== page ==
An example from my world of fund raising at The Rensselaerville Institute may help put these steps in perspective. To raise over $500,000 annually from a diverse set of donors, we start by informing them. Through newsletters, annual reports and the like, we tell people what The Institute does and stress the results of our work. While information is not enough, it is an essential starting point. We must ensure that a lively and compelling tone will lead people to read it. If they dont, the next steps are probably irrelevant. Our next step is convincing those people who get informed to support us. For contributions to come, those whom we inform must decide that The Institutes programs: a) deserve their support, and b) are more worthy of support than others to which they might give instead. When this happens, people are disposed to contribute. This step takes follow-up by us. It will not happen solely from our mailing. But if I relax at my desk waiting for big bucks to come in, Im sure to be disappointed. The gap between belief and action can be great. Most paths are paved with good intentions. I must now convert conviction to behavior by prompting action. In marketing terms, this step is called "the sale." At least for potential donors of larger amounts, I need to find a way to say to them: "Im delighted you find us worthy of your support." This last step makes the difference between a gift to us or a gift to someone else...or to no one at all. A number of strategies are defined by this progression. Here are five which are broadly relevant to public service programs. 1. Knowing when to end a step is as important as knowing when to start it. The timing issue in classroom education is knowing when to begin. Thresholds are deemed important in suggesting "reading readiness" and the like. In persuading, the key is less to know when to conclude.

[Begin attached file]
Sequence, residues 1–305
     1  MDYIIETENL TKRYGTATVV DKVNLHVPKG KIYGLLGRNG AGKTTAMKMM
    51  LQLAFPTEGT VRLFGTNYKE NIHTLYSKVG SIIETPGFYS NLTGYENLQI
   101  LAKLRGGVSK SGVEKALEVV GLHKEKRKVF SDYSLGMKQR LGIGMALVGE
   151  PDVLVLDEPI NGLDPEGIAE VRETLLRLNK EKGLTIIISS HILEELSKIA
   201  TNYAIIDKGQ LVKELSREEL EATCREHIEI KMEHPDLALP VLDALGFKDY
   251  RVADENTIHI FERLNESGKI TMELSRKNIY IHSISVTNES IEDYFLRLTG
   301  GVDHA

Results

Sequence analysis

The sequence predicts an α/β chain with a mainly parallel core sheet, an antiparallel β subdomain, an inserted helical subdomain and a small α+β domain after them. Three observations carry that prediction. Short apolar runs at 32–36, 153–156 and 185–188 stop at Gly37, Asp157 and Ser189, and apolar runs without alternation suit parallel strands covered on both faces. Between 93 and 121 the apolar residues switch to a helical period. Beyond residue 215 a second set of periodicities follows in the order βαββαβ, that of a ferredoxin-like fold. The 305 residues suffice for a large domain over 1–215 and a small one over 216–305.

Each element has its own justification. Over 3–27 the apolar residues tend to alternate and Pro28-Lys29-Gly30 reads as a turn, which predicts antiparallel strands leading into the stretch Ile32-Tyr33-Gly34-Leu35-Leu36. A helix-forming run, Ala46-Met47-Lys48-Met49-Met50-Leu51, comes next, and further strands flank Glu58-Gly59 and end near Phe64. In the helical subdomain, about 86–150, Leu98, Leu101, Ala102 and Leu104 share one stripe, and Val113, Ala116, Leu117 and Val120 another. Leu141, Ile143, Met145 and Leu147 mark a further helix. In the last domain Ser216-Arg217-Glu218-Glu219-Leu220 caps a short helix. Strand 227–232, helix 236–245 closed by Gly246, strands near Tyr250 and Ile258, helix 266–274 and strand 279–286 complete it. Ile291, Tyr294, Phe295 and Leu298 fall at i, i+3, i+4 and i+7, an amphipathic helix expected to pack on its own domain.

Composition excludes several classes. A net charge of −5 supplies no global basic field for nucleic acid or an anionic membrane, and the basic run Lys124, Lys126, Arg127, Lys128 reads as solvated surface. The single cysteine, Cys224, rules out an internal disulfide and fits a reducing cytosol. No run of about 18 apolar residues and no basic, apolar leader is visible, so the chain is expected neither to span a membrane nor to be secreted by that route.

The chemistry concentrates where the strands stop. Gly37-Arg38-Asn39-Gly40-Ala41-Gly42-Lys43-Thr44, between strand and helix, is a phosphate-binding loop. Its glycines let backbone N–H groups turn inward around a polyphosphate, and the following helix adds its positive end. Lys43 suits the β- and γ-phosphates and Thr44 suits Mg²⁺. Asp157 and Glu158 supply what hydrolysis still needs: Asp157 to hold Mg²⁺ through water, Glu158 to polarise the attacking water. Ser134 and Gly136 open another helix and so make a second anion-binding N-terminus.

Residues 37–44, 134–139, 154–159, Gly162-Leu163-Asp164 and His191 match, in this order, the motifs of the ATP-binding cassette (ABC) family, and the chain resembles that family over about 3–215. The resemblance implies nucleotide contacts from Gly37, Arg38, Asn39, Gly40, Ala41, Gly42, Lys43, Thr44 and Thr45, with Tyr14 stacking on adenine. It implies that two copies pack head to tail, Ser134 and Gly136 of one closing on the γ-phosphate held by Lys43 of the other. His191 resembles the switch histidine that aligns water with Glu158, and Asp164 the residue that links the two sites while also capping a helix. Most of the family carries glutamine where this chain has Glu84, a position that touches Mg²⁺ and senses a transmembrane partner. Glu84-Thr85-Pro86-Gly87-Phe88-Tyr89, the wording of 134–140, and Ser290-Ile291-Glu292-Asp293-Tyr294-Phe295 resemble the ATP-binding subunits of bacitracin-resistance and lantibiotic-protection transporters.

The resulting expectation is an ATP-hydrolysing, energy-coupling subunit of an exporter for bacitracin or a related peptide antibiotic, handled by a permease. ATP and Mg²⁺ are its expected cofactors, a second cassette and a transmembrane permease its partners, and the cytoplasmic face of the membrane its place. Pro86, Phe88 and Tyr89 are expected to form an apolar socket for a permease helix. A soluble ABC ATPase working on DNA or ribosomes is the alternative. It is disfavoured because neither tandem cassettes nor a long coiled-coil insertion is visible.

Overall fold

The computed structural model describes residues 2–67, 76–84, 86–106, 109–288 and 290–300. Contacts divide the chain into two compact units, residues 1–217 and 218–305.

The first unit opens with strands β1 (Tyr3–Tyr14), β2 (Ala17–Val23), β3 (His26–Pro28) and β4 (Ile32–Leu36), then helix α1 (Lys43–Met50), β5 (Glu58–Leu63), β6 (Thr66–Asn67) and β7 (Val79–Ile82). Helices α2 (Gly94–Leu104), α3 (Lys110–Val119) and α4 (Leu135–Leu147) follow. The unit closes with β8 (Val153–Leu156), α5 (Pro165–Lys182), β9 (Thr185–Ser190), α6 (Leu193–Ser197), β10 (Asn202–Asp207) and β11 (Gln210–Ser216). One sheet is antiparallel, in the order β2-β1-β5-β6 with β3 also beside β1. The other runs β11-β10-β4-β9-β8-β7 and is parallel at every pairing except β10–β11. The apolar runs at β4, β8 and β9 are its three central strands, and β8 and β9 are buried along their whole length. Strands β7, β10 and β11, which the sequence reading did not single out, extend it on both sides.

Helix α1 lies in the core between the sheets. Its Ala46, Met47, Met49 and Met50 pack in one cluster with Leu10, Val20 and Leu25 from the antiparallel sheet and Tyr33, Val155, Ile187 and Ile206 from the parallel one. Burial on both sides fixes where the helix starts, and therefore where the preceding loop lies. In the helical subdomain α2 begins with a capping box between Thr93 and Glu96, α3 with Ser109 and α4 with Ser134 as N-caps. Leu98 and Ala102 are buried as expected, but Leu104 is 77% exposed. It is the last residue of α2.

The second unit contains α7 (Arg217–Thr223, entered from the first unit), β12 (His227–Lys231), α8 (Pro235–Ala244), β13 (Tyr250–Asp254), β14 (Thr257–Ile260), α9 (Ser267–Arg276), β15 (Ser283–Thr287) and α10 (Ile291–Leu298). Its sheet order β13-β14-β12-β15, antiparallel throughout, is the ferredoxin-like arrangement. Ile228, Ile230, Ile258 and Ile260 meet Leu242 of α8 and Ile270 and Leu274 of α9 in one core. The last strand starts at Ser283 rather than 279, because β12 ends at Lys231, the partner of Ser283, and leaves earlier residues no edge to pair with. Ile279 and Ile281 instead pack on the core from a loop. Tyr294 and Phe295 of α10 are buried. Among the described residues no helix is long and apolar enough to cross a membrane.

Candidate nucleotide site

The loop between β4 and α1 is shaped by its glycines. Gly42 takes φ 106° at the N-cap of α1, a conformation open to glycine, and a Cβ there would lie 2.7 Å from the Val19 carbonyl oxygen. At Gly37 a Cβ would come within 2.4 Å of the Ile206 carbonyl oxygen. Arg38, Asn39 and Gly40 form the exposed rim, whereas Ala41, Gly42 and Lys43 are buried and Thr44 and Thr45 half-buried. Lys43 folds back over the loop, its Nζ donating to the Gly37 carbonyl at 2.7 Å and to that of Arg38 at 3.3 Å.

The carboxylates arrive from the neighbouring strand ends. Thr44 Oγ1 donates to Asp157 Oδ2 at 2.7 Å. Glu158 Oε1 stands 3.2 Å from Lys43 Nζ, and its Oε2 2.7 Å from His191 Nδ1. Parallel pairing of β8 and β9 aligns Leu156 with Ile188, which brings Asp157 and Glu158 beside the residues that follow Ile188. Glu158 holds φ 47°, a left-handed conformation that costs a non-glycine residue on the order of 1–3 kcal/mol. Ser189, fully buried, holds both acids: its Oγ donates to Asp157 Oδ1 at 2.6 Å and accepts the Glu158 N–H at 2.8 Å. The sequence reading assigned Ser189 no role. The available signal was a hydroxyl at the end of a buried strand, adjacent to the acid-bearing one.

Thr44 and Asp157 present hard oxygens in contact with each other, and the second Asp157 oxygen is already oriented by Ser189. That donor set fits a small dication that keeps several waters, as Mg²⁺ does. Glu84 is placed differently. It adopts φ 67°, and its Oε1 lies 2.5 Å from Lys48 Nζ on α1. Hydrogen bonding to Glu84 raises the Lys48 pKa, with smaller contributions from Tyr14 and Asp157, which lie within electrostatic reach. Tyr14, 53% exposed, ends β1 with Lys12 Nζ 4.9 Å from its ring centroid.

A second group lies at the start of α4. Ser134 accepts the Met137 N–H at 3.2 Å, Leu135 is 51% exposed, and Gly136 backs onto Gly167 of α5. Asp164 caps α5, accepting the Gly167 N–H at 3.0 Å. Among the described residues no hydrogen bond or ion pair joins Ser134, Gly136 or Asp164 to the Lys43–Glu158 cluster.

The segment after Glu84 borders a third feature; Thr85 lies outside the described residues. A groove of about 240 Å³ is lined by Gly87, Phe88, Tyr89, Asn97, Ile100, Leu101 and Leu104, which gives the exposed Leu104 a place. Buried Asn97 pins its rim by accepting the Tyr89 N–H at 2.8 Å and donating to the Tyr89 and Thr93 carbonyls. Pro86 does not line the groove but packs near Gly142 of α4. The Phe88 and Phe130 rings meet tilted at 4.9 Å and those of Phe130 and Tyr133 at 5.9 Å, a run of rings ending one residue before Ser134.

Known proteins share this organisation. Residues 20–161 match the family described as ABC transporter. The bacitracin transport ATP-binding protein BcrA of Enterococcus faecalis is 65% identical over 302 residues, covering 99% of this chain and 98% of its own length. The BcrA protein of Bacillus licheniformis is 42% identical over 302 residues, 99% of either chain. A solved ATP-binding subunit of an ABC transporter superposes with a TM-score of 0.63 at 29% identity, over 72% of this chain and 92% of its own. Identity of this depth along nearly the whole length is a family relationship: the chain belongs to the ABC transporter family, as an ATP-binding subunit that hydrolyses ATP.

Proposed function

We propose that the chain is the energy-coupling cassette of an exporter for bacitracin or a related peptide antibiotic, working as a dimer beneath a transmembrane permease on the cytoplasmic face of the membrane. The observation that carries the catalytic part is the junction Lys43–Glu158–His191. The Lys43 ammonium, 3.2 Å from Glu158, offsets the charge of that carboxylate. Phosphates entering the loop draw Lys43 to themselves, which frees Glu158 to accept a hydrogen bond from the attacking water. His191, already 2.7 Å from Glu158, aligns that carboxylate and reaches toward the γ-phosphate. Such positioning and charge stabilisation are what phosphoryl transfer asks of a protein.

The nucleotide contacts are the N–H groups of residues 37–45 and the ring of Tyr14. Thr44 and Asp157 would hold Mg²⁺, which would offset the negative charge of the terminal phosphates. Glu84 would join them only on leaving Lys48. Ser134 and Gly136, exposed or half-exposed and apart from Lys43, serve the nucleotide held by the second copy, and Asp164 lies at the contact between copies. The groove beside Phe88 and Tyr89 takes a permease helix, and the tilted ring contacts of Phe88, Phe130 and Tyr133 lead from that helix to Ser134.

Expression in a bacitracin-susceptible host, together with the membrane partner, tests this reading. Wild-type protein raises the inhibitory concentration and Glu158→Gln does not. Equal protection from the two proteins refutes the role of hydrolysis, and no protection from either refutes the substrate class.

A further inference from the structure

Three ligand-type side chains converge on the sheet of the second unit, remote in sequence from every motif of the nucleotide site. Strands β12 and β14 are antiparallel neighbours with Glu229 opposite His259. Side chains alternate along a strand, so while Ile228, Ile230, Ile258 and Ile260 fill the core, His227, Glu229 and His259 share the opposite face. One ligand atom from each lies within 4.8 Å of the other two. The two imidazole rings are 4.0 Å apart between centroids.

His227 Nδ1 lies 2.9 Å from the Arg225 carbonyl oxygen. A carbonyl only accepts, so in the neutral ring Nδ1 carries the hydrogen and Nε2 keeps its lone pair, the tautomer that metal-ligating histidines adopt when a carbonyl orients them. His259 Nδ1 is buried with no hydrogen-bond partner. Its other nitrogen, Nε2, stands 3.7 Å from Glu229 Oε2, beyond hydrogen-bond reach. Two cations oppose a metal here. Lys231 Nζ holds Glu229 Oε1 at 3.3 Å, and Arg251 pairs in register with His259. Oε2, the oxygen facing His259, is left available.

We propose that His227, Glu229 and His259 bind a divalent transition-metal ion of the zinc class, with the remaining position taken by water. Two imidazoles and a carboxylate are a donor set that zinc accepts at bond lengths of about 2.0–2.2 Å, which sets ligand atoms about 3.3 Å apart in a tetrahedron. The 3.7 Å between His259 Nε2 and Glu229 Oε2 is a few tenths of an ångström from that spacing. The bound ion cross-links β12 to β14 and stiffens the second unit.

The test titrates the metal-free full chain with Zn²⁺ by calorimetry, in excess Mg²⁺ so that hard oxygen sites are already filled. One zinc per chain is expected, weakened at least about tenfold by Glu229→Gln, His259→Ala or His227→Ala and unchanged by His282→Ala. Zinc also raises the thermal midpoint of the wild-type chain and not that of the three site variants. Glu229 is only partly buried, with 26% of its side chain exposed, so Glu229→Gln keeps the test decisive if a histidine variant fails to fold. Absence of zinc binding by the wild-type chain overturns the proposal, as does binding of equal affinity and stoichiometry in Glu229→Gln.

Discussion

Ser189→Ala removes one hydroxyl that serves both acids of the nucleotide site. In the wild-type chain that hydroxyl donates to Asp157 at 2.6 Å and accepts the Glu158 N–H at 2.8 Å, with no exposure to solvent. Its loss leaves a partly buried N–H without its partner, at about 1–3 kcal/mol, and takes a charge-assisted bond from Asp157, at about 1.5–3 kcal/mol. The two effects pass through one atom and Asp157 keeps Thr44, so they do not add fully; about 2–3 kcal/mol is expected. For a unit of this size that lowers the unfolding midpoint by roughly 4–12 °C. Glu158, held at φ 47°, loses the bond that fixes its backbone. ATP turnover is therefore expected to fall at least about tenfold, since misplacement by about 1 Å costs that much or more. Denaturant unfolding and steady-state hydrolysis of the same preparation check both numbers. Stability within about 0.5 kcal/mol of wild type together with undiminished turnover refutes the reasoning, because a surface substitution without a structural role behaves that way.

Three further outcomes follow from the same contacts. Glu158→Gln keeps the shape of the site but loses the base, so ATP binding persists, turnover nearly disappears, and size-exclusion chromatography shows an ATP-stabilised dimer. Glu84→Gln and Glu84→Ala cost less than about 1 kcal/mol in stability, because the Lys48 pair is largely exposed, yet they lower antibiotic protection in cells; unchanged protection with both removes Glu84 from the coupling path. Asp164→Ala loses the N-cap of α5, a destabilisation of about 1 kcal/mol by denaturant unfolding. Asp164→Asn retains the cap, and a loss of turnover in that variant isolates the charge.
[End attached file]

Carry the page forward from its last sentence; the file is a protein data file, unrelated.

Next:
There is almost no end to the facts and figures we might communicate and help others to retain in the step of informing. From a persuading perspective, however, there is a level of information that is sufficient to enable persons to become convinced. Continuing to inform people once that point is reached is actually counterproductive. Clarity becomes confusion; data becomes overload. If informing has its useful limits, convincing has its end pointwhen a conviction is reached. Once a person has reasoned, analyzed, felt or in other ways come to the desired conclusion, he or she is disposed to act. Additional time spent on developing the conviction may well lead to new questions or a reconsideration of decision. Advocates are among those who can linger too long. They are more preoccupied with the principle of understanding rights than the behavior of meeting needs. Others fall in this category because they believe that conviction will invariably lead to behavior if only it is sufficiently strengthened and enforced. The final step, prompting action, recognizes that there is a peak point at which a person is most likely to act on his or her conviction. Once past, readiness actually declines! Salespersons (including evangelists and fund raisers just as readily as those who sell cars or computers) have made a science of knowing just when the customer is most likely to buy the product. They carefully wait for that moment to close the sale. Persons who would "educate" people to do something tend to be anchored in the timeless and durable nature of the problems which they, as helpers, face. They fail to understand that the world of those who have (and occasionally cause) problems is not so constant. Interveners frequently fail to understand that, if the endpoint is action rather than accrual, less can certainly be more. 2. Persuading builds on choice. When advertising compares the good or service promoted with other brands, it recognizes that people do have choices and that it is useful to acknowledge and speak to them. We make a mistake when we think of those served by government and nonprofit groups as being a captive audience forced to listen and respond, whether by necessity or mandate. While money may not be needed, people have a choice concerning time. They may attend your program, watch TV, play poker, enjoy their kids or anything else. Even if a program could have required attendance, this would not be helpful. Indeed, there is little basis for forming a conclusion of any kind if no choice is at hand. One simply follows the one available path. Even in formal education, lessons that assume only one right answer are generally less effective than those that enable learners to actively engage content to analyze and conclude in more than one way. In convincing, the structure moves from options to choice. Recipients apply reasoning and judgment to draw a conclusion concerning the content and their disposition to it. Choicemaking is decision-making. In this context, the persuader must often find a way to call the question. Whether its choosing one car over another or yes or no to drug use, people can continually seek more information and defer deciding unless prompted to do so. Since choice is to lead to action, it is important to show the connection between decision and the behaviors needed to implement or express it. If conviction precedes this understanding, it is at best an attitude in search of a behavior. People can hold many of those. Expression of choice is especially critical in that in most instances the choice made is not simply a behavior but a change in behavior. People are not only asked to do something new, but to stop doing something old. 3. The recipients problem must be solved. Persuading is usefully defined as problem-solving. What problem does my customer have for which my program can become a solution? Once